After Malawi, Rachel and her family flew through Tanzania and stopped to visit, Ngorongoro Crater, a UNESCO World Heritage site famous for its luxury safaris.

Reviews and Subscriptions

(And, a final thanks!)

I’d really appreciate if you could leave reviews for the Just Go Places podcast on iTunes.  These reviews are extremely helpful feedback to me so that I an fine-tune the show to what people would like.  In addition, they help increase the rankings of this podcast which is extremely helpful for a newbie show.  I really appreciate and read each review!

Oh yeah, don’t forget to subscribe to the show on iTunes to get automatic updates.

Thanks so much!

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Swimming with the Fishes in the Royal Seascope 

Swimming with the Fishes in the Royal Seascope 

We heard mixed reviews about the Royal Seascope glass bottom boat tours in Sharm el Sheikh. Some people loved them while others thought they were lame.

The Seascope boats are semi submerged in the water so that you can experience the sea life without actually snorkelling or diving.


We had a nice reef off the beach in our hotel. The kids weren’t sure if there was better snorkelling elsewhere. I had heard of a recent shark attack off the coast of Sharm. Trying to find out where any shark sightings were proved futile. I get the impression Egyptians will tell you what you want to hear in order to sell you something.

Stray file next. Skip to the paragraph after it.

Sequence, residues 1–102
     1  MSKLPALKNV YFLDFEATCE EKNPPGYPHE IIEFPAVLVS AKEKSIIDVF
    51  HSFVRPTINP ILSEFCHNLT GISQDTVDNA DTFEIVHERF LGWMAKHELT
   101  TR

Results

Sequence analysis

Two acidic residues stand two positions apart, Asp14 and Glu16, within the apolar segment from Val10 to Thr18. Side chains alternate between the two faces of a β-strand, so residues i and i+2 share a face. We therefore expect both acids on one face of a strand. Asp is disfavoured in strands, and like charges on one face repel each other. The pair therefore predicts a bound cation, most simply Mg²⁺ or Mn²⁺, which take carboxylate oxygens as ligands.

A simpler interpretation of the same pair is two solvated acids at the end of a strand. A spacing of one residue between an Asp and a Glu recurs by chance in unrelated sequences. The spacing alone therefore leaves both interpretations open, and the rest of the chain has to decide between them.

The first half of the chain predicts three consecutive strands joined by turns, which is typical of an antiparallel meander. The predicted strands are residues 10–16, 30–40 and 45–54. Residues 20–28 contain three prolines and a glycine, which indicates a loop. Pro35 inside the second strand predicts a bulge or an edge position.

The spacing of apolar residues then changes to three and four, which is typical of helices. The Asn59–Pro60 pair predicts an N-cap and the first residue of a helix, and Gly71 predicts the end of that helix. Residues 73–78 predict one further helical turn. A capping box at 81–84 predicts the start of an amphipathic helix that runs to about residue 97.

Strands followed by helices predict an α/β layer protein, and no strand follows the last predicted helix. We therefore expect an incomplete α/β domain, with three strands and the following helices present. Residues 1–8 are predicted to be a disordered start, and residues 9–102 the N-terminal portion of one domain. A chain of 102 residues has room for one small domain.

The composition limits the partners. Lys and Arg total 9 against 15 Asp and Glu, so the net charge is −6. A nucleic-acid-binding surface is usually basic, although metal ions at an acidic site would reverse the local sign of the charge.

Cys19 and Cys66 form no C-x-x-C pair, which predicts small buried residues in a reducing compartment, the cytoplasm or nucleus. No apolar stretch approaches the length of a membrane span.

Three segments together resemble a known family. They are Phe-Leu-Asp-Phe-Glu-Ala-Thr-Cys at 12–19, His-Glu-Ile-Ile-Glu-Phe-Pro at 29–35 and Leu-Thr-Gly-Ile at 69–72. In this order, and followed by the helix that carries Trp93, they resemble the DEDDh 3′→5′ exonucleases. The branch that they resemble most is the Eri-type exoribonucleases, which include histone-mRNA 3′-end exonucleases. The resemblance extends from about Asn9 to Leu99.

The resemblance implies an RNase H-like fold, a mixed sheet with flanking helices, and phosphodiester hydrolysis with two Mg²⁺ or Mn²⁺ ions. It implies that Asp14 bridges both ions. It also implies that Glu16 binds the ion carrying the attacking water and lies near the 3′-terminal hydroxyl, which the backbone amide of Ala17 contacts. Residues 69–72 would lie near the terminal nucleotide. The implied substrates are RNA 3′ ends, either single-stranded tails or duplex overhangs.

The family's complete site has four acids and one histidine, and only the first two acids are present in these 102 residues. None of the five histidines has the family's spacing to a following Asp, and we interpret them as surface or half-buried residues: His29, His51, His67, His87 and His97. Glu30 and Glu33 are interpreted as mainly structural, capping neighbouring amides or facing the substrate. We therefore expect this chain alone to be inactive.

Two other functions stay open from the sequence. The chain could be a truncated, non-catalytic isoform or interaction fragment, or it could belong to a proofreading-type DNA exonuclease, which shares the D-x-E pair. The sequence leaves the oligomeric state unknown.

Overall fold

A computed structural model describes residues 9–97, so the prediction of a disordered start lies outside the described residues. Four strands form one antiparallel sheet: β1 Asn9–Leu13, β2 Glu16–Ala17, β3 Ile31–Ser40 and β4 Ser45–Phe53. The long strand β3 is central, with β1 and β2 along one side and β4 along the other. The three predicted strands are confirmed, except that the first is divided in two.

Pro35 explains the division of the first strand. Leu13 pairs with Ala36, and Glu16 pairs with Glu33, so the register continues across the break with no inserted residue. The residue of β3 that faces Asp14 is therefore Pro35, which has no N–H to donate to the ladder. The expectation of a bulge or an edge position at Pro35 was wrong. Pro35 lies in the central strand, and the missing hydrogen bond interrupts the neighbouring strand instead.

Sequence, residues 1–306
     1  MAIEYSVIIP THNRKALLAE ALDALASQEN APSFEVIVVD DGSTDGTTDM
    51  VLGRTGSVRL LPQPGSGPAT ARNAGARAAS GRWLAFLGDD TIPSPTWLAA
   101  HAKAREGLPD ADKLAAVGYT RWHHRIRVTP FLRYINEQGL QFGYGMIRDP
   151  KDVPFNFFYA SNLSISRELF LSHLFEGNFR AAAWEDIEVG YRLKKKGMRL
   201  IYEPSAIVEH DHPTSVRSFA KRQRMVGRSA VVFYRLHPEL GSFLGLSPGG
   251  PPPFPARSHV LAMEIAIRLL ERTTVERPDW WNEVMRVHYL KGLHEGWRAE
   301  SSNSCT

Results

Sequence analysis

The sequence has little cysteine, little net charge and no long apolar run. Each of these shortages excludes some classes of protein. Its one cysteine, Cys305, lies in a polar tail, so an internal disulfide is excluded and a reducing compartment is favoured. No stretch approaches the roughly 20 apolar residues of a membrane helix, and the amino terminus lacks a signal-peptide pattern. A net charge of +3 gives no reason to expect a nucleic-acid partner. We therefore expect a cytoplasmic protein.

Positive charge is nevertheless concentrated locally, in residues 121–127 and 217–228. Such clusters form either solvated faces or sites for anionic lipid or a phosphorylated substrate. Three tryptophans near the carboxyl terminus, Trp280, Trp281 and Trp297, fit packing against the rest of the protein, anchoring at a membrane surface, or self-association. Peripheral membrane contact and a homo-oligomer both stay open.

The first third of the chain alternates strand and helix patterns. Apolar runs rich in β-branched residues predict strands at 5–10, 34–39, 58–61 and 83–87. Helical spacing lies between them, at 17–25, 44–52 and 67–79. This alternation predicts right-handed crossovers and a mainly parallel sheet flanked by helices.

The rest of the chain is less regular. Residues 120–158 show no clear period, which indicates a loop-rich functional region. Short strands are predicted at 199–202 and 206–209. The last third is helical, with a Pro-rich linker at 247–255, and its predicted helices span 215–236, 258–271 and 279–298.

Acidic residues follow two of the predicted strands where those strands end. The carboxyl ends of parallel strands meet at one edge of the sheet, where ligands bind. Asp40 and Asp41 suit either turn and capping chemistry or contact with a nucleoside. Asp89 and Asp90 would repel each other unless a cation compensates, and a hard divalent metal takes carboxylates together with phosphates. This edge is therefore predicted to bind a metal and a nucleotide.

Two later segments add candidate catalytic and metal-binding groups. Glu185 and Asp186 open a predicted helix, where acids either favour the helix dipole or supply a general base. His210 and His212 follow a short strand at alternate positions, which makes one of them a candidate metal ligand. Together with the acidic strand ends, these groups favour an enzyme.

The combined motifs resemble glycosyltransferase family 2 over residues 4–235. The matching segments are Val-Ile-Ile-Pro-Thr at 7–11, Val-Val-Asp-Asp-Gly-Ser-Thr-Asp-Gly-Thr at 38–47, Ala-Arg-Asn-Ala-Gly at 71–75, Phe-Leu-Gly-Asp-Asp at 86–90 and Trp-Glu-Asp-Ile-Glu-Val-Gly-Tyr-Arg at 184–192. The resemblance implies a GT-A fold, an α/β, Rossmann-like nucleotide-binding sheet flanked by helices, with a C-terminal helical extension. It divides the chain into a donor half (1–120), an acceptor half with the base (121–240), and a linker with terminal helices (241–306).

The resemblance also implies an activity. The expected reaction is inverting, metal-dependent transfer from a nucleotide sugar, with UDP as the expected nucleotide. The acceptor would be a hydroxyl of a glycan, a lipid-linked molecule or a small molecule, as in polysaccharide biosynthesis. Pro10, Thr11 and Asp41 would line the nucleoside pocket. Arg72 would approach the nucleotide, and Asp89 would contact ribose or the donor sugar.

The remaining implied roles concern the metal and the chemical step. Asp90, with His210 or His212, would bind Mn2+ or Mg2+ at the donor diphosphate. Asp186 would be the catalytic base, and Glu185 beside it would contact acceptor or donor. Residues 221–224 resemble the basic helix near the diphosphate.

The compromise the kids and I reached was the Royal Seascope.  

The good points:

  • There is a whole floor under the boat with lots of seats for everyone to see.
  • It’s great for little children and older people who can’t or don’t want to snorkel.
  • It’s an enjoyable short excursion the whole family can enjoy together.

The bad points:

  • You might as well be in an aquarium. I guess the difference is that on the Seascope you are the one in a glass tank.
  • You don’t see as much marine life as the sales pitch tells you that you are going to see. I’m sure the shadow of a hulking boat scares away many creatures.
  • Vendors are trying to sell you stuff before, during and after the tour. It drove me crazy as a parent when sellers stick ice cream right under the children’s faces.

Our verdict?  Just go snorkelling if you are able to do so. There are nice coral reefs near land so that you can avoid any deep water issues.

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Dolphin Encounter in the Gulf of Aqaba

Dolphin Encounter in the Gulf of Aqaba

What started out as a simple snorkelling expedition off the coast of the Sinai Peninsula turned into the most amazing dolphin encounter.

We set off from Sharm el Sheik in a small inflatable boat bound for Tiran Island in the Gulf of Aqaba.  Tiran Island is known for having great snorkelling.

Remember we took the Royal Seascope Adventure in Sharm because because my son had an irrational fear of sharks in the area and my daughter just didn’t like snorkelling at all? Well, I was able to tempt my son with the thought of visiting a shipwreck. My daughter was a harder sell.  She was satisfied though when she was outfitted with full face snorkel mask (so any fish/fish poop wouldn’t brush her face – yes really that was the concern!).